Islamabad: The lesson to be learnt from the Indian helicopter that entered Pakistani airspace is that "a drama need not be turned into a crisis", said a Pakistani daily Tuesday.
Pakistan Sunday forced the Indian Army helicopter to land for violating its airspace.
Islamabad later permitted the three officers and a junior commissioned officer and the helicopter to return.
The News International said in an editorial: "If there is a single lesson to be taken from the incident on Sunday in which an Indian helicopter came deep into Pakistani airspace, it is that a drama need not be turned into a crisis."
It said that the "precise circumstances are not yet revealed, and may not be, but it is clear that four officers aboard a single helicopter are unlikely to have been trying to make trouble on their own".
"They were not part of any larger aggressive force in the air or on the ground, and they might have strayed to this side of the border as a result of bad weather - in which case one would have to question both the quality of the on-board navigation aids and the wisdom of flying the mission in the first place."
The Cheetah helicopter of India`s Army Aviation Corps with four officers on board returned to Kargil in Jammu and Kashmir, ending an inadvertent intrusion that immediately triggered urgent talks between the two foreign and military establishments.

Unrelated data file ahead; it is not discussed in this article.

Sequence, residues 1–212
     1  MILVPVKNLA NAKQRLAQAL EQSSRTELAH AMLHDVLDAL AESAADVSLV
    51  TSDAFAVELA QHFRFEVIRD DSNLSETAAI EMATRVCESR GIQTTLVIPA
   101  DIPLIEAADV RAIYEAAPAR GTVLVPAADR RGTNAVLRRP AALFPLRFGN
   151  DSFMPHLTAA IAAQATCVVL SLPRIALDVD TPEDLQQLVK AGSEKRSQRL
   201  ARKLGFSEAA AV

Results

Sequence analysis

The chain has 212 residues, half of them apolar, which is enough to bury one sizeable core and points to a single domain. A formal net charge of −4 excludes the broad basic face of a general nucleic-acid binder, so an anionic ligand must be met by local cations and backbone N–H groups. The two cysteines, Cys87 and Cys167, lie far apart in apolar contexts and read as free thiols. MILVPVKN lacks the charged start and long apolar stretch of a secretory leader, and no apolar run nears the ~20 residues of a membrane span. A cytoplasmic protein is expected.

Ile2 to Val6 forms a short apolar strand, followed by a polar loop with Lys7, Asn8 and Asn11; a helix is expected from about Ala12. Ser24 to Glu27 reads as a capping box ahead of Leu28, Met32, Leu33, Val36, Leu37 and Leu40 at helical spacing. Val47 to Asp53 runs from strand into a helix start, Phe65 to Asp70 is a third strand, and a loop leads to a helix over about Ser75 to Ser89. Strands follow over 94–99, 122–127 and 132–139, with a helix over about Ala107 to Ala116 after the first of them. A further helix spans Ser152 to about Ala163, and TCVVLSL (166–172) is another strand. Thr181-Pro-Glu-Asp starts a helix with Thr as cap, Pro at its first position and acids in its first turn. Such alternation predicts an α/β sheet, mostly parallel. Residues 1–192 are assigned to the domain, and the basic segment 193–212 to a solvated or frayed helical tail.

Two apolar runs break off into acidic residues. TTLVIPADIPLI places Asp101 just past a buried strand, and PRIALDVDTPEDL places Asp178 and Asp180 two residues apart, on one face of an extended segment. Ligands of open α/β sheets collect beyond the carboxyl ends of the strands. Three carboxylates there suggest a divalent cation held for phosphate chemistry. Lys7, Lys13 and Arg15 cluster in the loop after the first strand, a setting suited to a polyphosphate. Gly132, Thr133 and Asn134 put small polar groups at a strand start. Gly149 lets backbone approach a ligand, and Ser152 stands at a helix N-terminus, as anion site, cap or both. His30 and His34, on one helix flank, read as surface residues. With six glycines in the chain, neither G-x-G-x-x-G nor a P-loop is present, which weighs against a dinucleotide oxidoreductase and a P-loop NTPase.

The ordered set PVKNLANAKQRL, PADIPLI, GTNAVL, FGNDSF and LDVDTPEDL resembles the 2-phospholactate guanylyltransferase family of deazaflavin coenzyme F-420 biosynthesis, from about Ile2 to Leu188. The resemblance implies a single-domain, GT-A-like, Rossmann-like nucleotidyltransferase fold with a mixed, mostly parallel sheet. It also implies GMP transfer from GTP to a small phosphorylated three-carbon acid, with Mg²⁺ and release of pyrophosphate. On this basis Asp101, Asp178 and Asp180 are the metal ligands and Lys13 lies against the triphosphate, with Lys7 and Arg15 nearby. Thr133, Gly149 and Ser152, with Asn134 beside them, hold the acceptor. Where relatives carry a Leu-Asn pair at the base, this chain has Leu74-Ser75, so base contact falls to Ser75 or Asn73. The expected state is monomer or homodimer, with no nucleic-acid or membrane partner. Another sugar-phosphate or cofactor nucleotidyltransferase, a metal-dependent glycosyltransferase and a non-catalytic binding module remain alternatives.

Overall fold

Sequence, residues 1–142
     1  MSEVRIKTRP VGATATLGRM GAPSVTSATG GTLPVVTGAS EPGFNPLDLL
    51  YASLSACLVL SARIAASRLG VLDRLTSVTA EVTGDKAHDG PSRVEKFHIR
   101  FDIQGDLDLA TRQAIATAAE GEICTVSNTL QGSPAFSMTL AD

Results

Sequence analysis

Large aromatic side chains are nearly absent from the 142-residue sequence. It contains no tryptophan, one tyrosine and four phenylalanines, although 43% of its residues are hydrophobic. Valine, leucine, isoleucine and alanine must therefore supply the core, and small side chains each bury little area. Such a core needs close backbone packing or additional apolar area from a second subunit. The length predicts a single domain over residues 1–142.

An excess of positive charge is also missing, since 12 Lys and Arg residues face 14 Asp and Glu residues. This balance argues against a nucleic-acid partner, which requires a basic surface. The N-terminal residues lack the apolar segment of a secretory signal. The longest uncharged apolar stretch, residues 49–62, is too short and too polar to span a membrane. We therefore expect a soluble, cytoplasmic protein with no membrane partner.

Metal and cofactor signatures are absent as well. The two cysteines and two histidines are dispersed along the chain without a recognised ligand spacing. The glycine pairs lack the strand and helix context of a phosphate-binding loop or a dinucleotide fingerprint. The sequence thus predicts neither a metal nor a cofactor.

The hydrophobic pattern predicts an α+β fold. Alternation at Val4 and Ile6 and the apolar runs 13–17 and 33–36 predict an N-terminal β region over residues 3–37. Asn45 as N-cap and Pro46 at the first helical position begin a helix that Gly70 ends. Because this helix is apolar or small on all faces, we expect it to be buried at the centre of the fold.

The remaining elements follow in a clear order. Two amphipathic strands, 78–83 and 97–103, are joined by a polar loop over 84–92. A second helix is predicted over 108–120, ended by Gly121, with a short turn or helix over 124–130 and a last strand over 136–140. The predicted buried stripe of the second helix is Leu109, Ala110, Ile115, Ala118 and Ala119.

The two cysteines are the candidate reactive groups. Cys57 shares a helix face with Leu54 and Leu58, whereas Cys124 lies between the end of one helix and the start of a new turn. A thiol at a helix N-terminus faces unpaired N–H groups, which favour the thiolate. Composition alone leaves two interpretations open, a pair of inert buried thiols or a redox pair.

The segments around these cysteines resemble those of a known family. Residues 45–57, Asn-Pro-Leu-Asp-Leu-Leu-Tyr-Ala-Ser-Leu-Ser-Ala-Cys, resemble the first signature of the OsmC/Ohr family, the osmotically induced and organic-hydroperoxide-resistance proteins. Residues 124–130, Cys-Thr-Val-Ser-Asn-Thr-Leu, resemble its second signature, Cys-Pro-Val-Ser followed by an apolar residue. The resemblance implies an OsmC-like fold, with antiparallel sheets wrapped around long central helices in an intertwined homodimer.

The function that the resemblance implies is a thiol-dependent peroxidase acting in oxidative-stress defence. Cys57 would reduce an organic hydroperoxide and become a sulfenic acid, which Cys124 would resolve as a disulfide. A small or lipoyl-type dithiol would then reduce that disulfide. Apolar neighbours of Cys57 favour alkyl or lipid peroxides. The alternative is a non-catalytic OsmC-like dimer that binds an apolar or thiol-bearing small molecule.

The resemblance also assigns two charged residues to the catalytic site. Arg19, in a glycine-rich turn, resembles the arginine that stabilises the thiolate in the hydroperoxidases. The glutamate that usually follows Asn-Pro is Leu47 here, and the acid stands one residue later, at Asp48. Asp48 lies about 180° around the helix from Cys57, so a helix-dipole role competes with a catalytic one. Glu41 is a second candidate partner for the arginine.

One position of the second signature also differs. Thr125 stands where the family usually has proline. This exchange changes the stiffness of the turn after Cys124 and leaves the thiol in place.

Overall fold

Commenting on how Pakistan learnt about the Indian reaction, it said: "It is also of note that the Indian response in the immediate aftermath came via `Twitter`. An Indian government foreign affairs spokesman Tweeted that his government was `relieved` that its personnel were returned quickly and safely and that India `greatly appreciated` how Pakistan had worked with it in achieving a resolution."
It went on to say that under other circumstances "it is possible to see that this incident could have quickly escalated, but both sides seem to be a little less trigger-happy than they have been in the past, and small as this is on the tension-curve, it may be seen as a confidence-building measure for both sides".
Noting that the mechanism set up to de-escalate matters quickly appears to have worked, it added: "The speedy resolution of minor incidents such as this, accompanied by a steady hand on the tiller on either side, feeds into the trust pool, and a drama in the mountains does not become a crisis between governments."